The launch of Apple's iPad brought concerns that the device might cannibalize sales of the Mac computer - but a look at the first month of the June quarter shows that it's the iPod, not the Mac, that may be taking the iPad hit.
In the U.S., Mac sales for the month of April were up 39 percent, ahead of the 19 percent projection that Wall Street has estimated for the full quarter, according to data from NPD Group. At the same time, iPods were down 17 percent for the month, compared to April of last year. Wall Street is forecasting a 9 percent decline for the full quarter.
So what does it mean? Piper Jaffrey's Gene Munster, in a note to investors, said today that the iPad is not cannibalizing Macs the way some thought it might and that the impact, while slight, is more on the iPod. But it is only the first month. Munster writes in his note:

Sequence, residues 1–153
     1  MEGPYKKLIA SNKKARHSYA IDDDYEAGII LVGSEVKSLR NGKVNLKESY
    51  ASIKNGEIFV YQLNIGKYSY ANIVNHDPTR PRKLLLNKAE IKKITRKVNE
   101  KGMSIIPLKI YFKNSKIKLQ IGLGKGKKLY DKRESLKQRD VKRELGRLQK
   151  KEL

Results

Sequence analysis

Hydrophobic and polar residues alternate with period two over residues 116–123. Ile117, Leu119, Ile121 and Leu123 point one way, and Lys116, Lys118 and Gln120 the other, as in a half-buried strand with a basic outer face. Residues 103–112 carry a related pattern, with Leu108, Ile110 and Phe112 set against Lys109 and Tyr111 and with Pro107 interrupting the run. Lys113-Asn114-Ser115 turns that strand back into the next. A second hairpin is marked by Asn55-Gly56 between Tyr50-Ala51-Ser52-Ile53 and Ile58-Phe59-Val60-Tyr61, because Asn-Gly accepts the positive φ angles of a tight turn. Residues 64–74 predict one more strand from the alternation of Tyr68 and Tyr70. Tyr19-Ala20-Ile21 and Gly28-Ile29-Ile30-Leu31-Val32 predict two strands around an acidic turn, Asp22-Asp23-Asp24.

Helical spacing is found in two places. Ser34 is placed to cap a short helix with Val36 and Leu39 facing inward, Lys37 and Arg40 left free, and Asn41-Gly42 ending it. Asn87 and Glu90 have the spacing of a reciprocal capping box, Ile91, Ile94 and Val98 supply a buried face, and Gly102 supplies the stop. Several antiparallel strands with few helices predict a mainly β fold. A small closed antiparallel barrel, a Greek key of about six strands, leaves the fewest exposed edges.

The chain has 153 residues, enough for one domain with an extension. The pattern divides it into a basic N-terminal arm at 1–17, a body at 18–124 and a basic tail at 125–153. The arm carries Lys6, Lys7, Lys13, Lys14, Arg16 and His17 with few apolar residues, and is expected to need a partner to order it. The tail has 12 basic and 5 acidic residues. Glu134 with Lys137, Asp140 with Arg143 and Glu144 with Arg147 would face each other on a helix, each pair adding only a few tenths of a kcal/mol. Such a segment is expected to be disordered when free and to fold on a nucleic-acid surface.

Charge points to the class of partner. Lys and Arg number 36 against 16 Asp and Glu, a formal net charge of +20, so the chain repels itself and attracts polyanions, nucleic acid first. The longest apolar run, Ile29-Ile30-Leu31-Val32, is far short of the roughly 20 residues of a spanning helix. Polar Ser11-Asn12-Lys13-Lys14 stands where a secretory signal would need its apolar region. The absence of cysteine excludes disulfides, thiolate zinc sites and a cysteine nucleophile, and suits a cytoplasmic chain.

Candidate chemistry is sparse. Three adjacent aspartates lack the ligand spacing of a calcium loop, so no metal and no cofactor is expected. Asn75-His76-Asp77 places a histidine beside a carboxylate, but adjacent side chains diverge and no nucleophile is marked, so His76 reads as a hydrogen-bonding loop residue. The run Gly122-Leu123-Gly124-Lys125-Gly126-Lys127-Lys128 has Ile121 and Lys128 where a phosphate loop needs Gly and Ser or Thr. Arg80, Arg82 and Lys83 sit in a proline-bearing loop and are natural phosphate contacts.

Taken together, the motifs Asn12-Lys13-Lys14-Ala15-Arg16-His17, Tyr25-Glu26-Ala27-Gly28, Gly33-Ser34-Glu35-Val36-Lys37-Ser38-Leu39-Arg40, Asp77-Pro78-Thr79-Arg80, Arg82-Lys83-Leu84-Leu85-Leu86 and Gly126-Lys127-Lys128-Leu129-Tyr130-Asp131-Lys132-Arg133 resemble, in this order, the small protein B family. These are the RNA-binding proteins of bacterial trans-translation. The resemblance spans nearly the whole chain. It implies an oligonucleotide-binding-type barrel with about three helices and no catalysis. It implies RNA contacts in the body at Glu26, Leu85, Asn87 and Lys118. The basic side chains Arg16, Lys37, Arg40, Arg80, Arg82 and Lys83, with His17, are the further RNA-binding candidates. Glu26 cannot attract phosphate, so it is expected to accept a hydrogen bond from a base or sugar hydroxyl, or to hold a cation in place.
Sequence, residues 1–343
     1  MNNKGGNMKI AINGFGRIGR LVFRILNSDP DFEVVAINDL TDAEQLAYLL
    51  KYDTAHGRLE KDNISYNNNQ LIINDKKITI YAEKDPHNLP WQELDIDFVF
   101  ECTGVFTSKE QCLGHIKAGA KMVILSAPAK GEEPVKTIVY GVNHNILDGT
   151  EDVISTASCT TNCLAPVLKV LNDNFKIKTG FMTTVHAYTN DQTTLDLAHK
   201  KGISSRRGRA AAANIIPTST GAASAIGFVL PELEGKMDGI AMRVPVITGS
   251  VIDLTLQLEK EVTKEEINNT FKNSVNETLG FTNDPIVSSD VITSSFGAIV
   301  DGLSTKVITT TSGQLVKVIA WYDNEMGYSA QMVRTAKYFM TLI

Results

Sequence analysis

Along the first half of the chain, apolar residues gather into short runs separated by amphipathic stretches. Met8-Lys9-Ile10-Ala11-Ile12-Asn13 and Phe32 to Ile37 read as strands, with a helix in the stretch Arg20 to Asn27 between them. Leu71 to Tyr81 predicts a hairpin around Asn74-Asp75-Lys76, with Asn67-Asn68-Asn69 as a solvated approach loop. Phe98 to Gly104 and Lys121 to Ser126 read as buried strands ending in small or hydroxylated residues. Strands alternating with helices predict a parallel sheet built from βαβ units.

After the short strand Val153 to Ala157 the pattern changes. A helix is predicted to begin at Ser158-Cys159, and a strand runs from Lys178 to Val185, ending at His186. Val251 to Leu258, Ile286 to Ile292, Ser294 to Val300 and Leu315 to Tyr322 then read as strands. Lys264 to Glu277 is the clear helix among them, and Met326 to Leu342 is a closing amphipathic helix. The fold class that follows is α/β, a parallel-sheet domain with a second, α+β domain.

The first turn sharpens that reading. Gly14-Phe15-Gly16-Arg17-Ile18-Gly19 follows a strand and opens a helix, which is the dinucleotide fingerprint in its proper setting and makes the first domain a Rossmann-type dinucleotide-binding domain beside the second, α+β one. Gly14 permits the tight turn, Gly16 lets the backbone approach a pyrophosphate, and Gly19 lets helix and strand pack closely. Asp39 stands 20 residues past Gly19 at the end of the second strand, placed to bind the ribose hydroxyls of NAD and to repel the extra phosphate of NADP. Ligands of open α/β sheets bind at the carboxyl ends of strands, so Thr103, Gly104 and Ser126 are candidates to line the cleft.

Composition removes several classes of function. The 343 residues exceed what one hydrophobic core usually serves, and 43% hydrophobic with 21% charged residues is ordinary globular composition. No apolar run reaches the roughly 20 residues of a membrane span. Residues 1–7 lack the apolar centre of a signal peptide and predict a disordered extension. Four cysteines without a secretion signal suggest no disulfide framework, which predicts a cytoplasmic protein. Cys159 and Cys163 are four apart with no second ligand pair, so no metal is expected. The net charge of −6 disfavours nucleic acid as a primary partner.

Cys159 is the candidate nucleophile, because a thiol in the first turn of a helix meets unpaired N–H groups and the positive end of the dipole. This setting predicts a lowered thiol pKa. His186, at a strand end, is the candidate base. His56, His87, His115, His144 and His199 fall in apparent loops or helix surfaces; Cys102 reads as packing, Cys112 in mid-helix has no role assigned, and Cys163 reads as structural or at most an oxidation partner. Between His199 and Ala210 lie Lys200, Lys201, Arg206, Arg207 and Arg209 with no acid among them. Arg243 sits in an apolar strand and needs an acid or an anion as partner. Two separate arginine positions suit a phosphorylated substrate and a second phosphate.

We believe in the long run Mac cannibalization will exist, but will be minimal. Apple has successfully limited the iPad functionality to primarily content consumption vs. content creation on a Mac. And relative to the iPod, the physical size of an iPad provides a meaningfully different value proposition (portability vs. screen size).
It's an interesting sneak peek inside the changing dynamics of these popular Apple products, though I can't help but wonder what sort of impact the Dads & Grads season might have on the full quarter, whether iPad sales might further impact either the Mac or iPod categories.